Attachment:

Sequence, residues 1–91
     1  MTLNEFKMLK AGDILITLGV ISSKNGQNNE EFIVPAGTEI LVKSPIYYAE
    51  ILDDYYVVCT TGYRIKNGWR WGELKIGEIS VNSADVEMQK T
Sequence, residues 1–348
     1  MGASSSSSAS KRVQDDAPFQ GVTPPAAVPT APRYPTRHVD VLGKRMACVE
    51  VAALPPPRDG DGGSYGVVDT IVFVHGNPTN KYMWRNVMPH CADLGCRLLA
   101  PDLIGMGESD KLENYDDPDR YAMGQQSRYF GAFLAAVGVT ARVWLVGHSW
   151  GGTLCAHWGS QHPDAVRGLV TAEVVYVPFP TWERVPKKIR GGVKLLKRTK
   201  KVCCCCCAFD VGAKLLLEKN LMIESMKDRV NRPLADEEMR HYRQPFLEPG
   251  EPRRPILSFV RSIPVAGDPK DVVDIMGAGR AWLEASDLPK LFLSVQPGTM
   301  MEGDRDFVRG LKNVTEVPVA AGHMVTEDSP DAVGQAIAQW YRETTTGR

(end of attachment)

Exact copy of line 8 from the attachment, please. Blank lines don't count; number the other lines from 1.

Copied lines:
   151  GGTLCAHWGS QHPDAVRGLV TAEVVYVPFP TWERVPKKIR GGVKLLKRTK